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Tesla Autonomous Charger Help: Mate for rigid body motion in box

andrew_roleyandrew_roley Member Posts: 5
Hi, I will try to follow the "FORUM POST CHECKLIST"
  • Use the forum search tool:
I was able to find a similar question here, but the OP there didn't want motion, only precise positioning. However, his original question essentially matches mine: How do I mate a rigid body (box) on the inside of a box and allow 3 degrees of freedom (x, y, and yaw rotation)? The other degrees of freedom (z, pitch, roll) are effectively fixed by gravity.
  • Please be as descriptive as you can
I am modeling a car charging apparatus that attaches to a garage wall, and plugs itself into a Tesla Model 3. I want to model all the possible positions of the car within the garage to be able to use in context design/editing for the charging apparatus.

However, I can't find a mate that I can use to relate my garage walls to my car that doesn't either restrict motion that is possible in real life, or allow motion that's impossible in real life (e.g. going through the wall).

Currently working as desired: car's rear end does not hit garage walls, even at narrowest point (door opening), using x limit.
car does not hit back wall of garage (using y limit).
car can have varying degrees of rotation (using rotation limit), to model real life scenario of imperfectly aligned parking.


Not working as desired: yaw rotation plus x movement, while individually permissible, if combined, result in car's front end passing through garage walls.
yaw rotation plus y movement, while individually permissible, if combined, result in car passing through garage door supports.


I've thought about modeling each wall as a separate entity to achieve this, but it seems like I'd need a separate connector on each corner of the car to interface two per wall, which seems like it would be overdefined.

Additionally, I would like to show / allow motion of the car into and out of the garage, but I don't think it's necessary for design, just a "nice to have".
  • copy & paste the URL of a Public Document (V4 HERE)

I tried to share a specific version, as recommended in the checklist, but could not find an option for edit access for the public document, only copy, link document, and export rights.

Thanks in advance for any advice or help, regarding the mate connectors or otherwise!

Best Answers

  • AlexDAlexD Posts: 11 PRO
    Accepted Answer
  • andrew_roleyandrew_roley Posts: 5
    Accepted Answer
    ...

    You could easily have multiple splines and multiple cars in the same assembly. Each spline could be a different shape. Each car could be on its own spline.
    ...
    @steve_shubin

    I think this would be a great way to smoothly model the car's entry and exit on various paths.

    However, I think I found a simpler way using mates to meet my particular purpose (quickly and easily model extreme positions in garage). Your solution would definitely do a better job of modeling one approach of the car at a time while in motion, but that's not what I needed at this level of design.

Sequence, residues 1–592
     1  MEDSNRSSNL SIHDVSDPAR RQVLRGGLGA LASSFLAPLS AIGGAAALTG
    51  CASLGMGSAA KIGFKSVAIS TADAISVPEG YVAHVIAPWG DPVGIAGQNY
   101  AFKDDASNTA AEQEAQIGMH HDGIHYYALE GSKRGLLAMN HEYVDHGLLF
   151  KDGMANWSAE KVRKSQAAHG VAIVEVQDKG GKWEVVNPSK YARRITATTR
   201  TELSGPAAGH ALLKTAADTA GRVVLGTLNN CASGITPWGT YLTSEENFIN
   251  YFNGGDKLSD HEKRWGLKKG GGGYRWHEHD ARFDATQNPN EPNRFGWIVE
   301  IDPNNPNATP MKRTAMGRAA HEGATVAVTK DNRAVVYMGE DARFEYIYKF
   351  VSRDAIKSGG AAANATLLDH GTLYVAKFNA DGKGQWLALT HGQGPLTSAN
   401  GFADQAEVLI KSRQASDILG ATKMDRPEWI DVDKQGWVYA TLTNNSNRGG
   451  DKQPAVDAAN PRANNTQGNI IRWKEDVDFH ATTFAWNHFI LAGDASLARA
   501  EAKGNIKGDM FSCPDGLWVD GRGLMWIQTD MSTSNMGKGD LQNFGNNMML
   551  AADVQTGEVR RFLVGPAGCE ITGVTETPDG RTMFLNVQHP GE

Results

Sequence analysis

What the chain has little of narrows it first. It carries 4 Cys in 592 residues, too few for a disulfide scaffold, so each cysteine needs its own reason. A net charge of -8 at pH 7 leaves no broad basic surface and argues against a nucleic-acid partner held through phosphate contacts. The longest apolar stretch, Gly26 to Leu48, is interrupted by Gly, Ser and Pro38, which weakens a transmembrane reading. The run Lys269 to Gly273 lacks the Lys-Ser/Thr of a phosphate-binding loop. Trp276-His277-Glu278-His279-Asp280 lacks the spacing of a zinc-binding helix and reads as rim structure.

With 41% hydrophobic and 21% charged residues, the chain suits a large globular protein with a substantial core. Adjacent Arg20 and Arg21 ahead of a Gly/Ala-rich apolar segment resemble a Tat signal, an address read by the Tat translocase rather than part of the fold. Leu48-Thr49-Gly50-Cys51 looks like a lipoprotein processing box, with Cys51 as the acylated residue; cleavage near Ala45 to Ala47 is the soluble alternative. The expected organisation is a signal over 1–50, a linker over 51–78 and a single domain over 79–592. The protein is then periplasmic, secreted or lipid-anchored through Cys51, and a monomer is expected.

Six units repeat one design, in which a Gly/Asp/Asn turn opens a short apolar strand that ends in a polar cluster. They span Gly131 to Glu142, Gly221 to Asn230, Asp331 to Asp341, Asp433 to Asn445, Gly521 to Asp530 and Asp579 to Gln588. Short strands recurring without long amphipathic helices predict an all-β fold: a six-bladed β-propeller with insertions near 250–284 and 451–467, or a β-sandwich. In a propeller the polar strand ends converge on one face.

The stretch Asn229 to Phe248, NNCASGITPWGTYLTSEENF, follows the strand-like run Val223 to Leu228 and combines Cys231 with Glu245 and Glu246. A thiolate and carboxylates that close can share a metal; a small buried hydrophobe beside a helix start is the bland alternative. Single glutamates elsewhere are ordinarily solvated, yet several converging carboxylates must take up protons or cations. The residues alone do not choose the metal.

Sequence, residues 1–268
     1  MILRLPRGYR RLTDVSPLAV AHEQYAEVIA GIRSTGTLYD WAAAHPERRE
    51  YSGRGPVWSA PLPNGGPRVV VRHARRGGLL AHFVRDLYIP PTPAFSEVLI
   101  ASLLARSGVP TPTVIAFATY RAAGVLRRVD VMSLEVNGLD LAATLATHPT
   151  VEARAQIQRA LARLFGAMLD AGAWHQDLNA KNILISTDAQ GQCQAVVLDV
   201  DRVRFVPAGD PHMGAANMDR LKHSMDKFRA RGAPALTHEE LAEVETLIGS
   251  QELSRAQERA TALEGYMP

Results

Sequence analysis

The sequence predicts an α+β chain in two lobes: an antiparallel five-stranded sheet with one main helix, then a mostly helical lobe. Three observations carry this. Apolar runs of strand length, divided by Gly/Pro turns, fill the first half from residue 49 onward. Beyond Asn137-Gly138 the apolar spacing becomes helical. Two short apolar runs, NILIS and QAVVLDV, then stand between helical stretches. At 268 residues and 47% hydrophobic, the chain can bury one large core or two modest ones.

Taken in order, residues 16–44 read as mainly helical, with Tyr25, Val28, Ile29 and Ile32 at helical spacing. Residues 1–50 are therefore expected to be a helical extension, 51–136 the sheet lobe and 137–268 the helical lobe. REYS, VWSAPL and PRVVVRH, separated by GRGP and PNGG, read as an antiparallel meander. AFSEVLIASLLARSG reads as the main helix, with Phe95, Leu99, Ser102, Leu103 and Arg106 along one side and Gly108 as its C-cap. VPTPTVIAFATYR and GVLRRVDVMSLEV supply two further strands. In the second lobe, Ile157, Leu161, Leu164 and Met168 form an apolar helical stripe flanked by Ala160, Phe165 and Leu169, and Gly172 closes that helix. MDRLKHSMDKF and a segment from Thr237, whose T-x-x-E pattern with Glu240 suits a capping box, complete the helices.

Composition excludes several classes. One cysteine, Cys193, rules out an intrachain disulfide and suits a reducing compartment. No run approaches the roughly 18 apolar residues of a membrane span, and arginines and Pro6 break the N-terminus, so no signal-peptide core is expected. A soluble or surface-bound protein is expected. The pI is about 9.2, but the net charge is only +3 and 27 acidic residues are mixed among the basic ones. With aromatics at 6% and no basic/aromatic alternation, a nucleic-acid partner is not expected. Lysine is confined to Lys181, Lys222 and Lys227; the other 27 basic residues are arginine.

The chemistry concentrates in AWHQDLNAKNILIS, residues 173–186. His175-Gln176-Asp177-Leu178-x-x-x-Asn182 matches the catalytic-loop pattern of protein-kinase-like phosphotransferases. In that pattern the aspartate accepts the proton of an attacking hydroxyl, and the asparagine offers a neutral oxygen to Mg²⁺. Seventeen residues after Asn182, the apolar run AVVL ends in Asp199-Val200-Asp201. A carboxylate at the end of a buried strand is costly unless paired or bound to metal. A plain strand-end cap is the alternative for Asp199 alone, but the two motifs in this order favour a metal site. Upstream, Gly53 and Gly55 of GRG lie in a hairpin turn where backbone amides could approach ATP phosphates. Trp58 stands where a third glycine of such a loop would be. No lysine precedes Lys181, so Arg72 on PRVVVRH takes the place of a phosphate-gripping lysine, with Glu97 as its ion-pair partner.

• Instead of trying to capture everything in one mate, I removed most of the limits from the existing "Car On Ground" and renamed it to BackLeft Corner. The only remaining limit was to make it no closer than 2 inches (X direction) to the garage doorway.
    • I then made similar mates for each corner. The front corners were offset from the side walls by a minimum of 10 inches (observed variability), and front wall by 8 inches (minimum summon distance to front bumper).
    • One of the key tricks was the order of selecting mate connectors, because it determined whether the X distance in question was from the car's reference frame or the garage's (found by accident when one side acted differently than the other). 
    • For the front corners, I wanted the garage's reference frame (car doesn't get closer than 10" from any point on the garage wall)
    • For the rear corners, I wanted the car's reference frame, as the car's side (any part) does not get any closer than 2" to the garage door frame.
    • Somewhat non-intuitively (I think), the second part you select determines the reference frame. 
    • Somewhat frustratingly, the "reorder items" button, although practically identical to the "flip primary axis" button, is not a single click action for a list of two items. 


Answers

  • steve_shubinsteve_shubin Member Posts: 144 ✭✭✭
    @andrew_roley

    You said you want to model all positions of the car within the garage.

    WATCH THE BELOW ANIMATION and see if this will work for you

    If you like what you see, notice that I changed the position of the mate to the center of the back of the car and adjusted the limits  accordingly —— see the screen capture at the very bottom




  • steve_shubinsteve_shubin Member Posts: 144 ✭✭✭
  • andrew_roleyandrew_roley Member Posts: 5
    @andrew_roley

    You said you want to model all positions of the car within the garage.

    WATCH THE BELOW ANIMATION and see if this will work for you

    If you like what you see, notice that I changed the position of the mate to the center of the back of the car and adjusted the limits  accordingly —— see the screen capture at the very bottom




    Hi Steve, thanks for offering this as a suggestion, the problem with this solution is that it overly restricts the angular motion. There is the possibility the car could enter very near the left side of the garage, and then angle sharply right. This would be about 7 deg before hitting the wall. In the above, there are 3 deg of motion that would be possible, but not captured.
  • steve_shubinsteve_shubin Member Posts: 144 ✭✭✭
    edited November 2019
    @andrew_roley

    I used the spline to make a curved shape

    I selected the curved line on the gray object to use with tangent points at the front and back of the car